Should have done this in commit cb4eae7.
The tests for Django 1.3 are failing using the relative import (introduced in commit da53b57), because Django does this janky thing where it django.core.management assumes your settings are at the root of your project package, and imports that package. Problem is, once a sub-package, such as gcframe.tests is imported as a package (tests) Python will no longer let you do a relative import beyond that new root. An absolute import avoids that issue.
I think the way I formatted it in commit 741f09c will not work, now that I watch Travis choke on it. :D
This reverts commit b8f11ef. Python 2.5 and Django 1.2 support have been dropped, so we can use these newer methods, and should, because the older ones have been deprecated in the now-supported Python 3.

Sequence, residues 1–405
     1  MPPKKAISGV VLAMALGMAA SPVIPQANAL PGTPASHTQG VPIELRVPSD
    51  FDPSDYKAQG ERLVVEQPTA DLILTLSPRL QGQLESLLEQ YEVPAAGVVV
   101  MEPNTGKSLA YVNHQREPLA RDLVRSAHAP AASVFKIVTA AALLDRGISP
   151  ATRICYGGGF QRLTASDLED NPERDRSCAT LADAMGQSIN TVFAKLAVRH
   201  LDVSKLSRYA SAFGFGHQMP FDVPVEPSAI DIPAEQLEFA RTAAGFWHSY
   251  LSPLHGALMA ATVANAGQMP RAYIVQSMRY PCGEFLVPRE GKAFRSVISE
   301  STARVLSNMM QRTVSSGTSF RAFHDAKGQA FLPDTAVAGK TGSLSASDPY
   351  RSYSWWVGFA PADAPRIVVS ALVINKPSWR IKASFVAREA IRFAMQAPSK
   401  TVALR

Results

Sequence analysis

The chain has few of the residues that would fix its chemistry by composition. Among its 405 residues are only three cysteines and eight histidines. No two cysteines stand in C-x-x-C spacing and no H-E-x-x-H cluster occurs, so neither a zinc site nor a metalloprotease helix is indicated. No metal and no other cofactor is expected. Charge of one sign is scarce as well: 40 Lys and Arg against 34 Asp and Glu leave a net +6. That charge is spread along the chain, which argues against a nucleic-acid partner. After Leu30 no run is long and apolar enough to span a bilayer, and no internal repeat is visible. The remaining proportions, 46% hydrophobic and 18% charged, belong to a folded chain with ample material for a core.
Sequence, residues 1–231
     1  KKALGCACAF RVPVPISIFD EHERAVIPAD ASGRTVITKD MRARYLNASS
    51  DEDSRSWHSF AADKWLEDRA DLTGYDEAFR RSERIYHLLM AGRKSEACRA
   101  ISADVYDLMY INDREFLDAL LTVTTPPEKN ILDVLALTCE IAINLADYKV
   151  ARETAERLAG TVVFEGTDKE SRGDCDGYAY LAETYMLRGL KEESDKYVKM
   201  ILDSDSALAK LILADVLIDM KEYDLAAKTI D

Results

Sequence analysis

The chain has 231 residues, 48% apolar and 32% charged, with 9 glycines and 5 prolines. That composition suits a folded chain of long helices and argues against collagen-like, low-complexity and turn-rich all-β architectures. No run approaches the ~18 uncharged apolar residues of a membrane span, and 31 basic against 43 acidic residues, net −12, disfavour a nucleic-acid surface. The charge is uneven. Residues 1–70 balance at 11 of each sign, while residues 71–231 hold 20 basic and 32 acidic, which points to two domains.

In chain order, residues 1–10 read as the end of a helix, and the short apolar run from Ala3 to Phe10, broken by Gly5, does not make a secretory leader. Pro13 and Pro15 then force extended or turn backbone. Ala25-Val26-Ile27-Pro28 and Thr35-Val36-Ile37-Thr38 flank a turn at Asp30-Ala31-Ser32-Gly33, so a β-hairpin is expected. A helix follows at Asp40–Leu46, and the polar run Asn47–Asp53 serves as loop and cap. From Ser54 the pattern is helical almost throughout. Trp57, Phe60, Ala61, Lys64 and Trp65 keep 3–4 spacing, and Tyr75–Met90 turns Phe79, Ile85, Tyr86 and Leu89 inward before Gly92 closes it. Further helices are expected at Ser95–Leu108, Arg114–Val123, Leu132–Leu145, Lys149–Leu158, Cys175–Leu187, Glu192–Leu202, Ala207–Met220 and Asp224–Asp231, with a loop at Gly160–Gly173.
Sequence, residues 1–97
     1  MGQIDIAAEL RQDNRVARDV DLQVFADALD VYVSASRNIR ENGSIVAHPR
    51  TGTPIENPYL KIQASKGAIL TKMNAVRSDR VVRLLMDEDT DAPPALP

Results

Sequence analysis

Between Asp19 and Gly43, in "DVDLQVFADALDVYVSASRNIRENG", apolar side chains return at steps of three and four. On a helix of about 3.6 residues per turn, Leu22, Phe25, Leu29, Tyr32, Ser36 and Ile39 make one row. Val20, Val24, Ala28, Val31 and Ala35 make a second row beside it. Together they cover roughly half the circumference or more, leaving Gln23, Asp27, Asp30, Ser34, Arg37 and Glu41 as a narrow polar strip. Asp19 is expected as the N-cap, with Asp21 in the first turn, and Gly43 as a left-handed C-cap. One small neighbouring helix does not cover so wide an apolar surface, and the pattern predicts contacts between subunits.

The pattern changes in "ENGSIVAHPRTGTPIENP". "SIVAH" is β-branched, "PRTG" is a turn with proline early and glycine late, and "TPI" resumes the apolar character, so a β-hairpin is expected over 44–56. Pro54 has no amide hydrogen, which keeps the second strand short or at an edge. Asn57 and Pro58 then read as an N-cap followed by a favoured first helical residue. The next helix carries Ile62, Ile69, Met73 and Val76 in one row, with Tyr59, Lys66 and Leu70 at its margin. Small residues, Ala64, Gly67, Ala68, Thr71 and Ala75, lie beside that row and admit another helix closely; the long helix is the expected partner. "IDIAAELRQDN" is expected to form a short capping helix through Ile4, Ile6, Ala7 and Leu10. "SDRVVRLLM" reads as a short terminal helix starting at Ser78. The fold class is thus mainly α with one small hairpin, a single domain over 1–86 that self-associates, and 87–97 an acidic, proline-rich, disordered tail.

Include one for compiled byte code as well.
Note that we did not use string_literals in the setup.py. That is because Python 2 requires that the setup packages argument provide a list of bytes, but Python 3 requires a list of strs. If string_literals are used, you must mark the strings with ``b`` for it to work in Python 2, but that makes it fail in Python 3.
Tuple can be concatenated to a list without issue, so there is no problem here. (Unlike concatenating a list to a tuple, which fails.)
Depending on what happens in the package __init__.py, you can have import issues when importing into the setup.py, when setup is not complete. This way is slightly more complex, but avoids the import issues. Thanks to carljm for the example.
Also shifted the section on documentation up.
I moved the testing docs into a development docs, and added the doc docs. (Yo dawg!)
Thanks to Daniel Lindsley (toastdriven) for pointing it out.
Tests failed against Django 1.2.7 with Python 2.5 and 2.6 because we were using methods that that shipped in Python 2.7, which Django included a copy of in 1.3.